Document Type: Original Article
School of Education, Faculty of Social Sciences, University of Wollongong NSW 2522 Australia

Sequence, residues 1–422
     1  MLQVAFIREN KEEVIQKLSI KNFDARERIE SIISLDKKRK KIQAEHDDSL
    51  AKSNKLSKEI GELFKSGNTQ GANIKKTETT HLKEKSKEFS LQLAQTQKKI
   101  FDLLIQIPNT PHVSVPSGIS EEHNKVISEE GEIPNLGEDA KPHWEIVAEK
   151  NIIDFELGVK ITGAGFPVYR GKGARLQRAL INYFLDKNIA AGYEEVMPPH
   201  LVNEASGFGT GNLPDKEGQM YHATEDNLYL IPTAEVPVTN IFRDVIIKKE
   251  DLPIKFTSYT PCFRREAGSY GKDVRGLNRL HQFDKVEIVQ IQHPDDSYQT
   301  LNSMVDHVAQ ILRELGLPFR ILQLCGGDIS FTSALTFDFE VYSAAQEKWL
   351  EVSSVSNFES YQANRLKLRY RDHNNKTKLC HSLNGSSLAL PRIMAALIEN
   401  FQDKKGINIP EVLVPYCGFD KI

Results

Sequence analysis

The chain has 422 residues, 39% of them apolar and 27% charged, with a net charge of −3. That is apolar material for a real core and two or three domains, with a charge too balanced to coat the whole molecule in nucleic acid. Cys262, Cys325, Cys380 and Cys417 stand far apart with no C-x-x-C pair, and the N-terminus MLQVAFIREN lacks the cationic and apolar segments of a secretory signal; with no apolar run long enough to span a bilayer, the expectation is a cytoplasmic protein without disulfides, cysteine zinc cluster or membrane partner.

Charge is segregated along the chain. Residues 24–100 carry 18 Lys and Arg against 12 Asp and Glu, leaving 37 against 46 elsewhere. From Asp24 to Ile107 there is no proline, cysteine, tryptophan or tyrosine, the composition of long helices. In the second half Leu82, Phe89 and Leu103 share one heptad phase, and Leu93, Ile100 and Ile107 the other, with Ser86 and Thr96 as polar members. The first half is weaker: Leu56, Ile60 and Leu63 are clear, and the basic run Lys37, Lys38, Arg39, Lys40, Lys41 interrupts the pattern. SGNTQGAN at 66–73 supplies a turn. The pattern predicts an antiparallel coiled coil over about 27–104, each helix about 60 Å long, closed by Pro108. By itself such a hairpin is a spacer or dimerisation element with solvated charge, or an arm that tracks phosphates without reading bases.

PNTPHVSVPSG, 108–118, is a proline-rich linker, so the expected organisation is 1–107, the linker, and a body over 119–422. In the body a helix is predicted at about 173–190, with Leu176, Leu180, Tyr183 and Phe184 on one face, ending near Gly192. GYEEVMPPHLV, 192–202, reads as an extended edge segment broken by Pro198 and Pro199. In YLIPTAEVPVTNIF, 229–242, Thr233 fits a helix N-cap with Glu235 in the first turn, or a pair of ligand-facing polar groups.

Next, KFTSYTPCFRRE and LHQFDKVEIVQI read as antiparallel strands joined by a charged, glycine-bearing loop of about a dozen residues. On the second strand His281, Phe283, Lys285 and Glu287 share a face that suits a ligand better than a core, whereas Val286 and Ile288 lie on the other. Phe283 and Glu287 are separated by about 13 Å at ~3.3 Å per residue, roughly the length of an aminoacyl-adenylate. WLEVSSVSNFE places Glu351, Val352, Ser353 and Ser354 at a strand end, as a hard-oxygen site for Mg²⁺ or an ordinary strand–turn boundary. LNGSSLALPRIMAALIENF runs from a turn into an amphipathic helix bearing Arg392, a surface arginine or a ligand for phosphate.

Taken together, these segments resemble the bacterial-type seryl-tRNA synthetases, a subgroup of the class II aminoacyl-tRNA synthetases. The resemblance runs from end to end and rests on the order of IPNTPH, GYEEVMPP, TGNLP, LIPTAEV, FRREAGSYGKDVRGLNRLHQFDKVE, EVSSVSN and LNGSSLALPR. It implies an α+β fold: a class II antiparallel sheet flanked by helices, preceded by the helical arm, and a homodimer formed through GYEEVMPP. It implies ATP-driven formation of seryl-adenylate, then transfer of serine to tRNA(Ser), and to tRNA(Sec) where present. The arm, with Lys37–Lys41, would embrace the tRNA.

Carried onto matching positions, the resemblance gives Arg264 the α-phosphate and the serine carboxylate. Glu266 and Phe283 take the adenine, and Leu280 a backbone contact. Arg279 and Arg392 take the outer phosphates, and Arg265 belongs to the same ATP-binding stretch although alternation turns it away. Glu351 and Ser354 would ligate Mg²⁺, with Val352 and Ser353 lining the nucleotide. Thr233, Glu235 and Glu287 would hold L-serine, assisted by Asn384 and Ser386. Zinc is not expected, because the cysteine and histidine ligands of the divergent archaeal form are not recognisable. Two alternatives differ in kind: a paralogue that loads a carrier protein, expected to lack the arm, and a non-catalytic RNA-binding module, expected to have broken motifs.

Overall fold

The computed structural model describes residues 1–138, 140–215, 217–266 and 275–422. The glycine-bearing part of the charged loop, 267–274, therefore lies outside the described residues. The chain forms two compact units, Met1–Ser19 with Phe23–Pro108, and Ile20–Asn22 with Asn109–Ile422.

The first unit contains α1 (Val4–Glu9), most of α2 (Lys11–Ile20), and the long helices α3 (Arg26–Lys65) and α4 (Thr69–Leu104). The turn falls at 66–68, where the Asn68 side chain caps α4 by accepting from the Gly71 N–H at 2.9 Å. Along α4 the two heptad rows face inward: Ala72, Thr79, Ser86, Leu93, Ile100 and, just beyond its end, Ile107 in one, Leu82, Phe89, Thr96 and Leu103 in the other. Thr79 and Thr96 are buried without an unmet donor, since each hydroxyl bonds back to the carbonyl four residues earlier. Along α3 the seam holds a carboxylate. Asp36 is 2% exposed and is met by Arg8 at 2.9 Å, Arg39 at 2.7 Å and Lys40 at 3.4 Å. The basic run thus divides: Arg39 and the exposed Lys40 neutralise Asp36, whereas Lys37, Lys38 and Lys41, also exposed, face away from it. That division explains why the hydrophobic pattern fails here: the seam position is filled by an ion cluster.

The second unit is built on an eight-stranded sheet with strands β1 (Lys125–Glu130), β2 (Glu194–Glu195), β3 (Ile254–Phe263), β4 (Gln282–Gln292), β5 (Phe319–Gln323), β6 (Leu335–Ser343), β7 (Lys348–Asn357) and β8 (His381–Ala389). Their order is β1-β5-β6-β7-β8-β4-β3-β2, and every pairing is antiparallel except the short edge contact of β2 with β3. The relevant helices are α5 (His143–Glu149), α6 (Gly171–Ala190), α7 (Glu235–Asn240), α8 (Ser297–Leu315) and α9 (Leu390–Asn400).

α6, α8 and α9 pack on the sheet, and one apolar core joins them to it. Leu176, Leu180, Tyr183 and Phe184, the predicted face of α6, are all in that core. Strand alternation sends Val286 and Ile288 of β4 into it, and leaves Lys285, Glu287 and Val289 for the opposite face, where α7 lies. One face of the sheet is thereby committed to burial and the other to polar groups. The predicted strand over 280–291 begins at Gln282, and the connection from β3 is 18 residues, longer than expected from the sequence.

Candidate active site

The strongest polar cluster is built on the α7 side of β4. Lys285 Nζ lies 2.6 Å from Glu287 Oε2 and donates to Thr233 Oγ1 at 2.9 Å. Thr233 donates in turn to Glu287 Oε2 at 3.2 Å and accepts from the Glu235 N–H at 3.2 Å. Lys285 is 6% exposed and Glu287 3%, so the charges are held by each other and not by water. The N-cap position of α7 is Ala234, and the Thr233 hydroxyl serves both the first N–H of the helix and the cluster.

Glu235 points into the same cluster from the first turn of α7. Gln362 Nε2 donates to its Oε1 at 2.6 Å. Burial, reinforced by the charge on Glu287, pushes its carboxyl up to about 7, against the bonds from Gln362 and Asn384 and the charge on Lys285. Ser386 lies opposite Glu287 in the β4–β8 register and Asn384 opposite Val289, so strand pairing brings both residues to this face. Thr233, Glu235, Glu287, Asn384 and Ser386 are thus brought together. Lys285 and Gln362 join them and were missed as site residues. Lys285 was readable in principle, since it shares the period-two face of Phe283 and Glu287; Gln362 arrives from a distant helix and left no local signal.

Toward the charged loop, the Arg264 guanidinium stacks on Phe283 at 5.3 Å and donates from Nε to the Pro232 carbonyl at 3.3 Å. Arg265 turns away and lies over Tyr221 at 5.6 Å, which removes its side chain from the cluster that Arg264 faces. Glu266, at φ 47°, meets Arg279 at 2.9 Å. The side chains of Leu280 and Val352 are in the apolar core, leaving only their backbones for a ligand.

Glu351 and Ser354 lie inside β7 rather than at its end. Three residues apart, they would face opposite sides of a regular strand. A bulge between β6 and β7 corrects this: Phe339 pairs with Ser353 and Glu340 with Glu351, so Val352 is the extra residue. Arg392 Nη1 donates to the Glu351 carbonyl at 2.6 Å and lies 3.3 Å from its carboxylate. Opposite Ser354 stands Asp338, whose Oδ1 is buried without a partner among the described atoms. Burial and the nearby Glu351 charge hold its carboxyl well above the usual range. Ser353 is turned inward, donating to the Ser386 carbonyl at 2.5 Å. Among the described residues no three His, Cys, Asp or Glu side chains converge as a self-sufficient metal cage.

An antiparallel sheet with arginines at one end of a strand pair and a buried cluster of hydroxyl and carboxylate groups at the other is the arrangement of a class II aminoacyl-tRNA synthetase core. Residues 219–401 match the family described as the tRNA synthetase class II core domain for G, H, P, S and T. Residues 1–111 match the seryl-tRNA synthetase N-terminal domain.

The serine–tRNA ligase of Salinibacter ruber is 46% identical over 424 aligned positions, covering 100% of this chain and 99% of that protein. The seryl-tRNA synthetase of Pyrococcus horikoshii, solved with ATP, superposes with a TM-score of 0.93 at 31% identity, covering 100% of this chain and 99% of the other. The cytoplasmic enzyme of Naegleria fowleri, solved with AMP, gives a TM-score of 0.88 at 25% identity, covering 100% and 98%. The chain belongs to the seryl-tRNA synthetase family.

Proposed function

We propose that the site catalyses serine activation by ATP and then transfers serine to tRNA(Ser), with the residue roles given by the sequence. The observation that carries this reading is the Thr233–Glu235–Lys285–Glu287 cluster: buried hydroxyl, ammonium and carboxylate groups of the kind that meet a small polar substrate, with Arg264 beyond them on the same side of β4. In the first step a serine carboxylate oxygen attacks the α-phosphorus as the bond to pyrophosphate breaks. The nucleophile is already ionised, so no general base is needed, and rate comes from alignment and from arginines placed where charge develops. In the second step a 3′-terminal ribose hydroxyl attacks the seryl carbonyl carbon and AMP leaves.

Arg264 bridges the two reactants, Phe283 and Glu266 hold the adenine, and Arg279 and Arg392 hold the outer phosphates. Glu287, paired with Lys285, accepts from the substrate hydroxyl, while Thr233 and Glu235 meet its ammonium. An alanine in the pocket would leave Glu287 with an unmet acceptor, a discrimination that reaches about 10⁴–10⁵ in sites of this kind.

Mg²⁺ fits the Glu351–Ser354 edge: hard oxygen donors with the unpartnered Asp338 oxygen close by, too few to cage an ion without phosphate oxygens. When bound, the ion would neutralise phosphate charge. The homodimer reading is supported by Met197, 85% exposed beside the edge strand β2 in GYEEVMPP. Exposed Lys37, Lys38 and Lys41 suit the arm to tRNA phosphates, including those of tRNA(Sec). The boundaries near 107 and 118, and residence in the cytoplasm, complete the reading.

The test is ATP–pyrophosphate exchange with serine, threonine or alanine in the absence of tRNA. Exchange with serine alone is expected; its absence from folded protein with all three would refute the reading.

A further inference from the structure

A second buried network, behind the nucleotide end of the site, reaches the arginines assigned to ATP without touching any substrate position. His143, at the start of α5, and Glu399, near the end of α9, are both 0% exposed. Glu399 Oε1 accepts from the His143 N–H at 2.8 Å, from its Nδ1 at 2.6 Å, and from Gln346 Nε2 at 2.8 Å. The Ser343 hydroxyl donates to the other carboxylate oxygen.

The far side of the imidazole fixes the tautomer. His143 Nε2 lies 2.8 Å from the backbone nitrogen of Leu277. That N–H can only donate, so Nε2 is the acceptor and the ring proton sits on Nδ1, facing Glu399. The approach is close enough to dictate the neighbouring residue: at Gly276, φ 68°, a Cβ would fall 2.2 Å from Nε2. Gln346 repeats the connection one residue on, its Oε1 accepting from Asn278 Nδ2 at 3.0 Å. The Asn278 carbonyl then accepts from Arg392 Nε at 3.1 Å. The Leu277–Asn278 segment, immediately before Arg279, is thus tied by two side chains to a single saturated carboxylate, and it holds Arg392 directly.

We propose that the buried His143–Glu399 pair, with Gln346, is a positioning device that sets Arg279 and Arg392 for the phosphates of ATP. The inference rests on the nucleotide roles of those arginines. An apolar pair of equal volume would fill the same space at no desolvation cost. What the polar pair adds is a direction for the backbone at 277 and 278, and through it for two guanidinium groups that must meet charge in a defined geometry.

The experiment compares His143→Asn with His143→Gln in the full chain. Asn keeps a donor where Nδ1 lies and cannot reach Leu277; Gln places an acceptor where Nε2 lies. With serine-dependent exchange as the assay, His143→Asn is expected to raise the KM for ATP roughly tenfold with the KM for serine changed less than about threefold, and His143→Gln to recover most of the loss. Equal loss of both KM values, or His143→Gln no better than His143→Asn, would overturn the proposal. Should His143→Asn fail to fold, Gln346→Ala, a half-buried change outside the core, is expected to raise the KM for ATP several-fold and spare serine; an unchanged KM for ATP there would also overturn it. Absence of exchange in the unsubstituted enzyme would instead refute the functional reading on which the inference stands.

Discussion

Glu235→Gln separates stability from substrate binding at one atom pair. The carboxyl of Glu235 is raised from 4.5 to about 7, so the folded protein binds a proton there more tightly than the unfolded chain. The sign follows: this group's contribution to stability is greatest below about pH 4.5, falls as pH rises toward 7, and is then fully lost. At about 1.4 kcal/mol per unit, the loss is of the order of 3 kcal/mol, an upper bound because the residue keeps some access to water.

Reflective practice in TESOL is widely used in pre-service and in-service teacher education contexts and is regarded as beneficial for ongoing professional learning. While models of reflective language teaching vary, they all aim to improve classroom outcomes for teachers and students. A holistic approach to reflective practice includes teachers’ beliefs, philosophies and the interaction of their teaching practices with moral and social issues outside the classroom as part of the self-reflective teaching process (Farrell, 2015; Larrivee, 2000). Reflecting on the teaching journey in this way can help teachers make sense of how individual beliefs about teaching interact with professional experiences, and how these interactions inform decisions in the classroom. The aim of this narrative paper is to describe the developmental process I went through during my first year as a teacher of beginner, refugee-background students in an adult migrant English language teaching program in Australia. Self-reflective data primarily sourced from teaching journals kept during my first year of teaching were analysed using Farrell’s (2015) Framework for Reflecting on Practice. Following a brief introduction of the framework, its application to this current study is discussed. Findings highlight the important roles philosophy, theory, critical reflection and mentors played in my pedagogical decision- making and overall learning processes. The paper concludes with a discussion about implications for ESOL teachers, graduate students and educators in TESOL teacher education programs.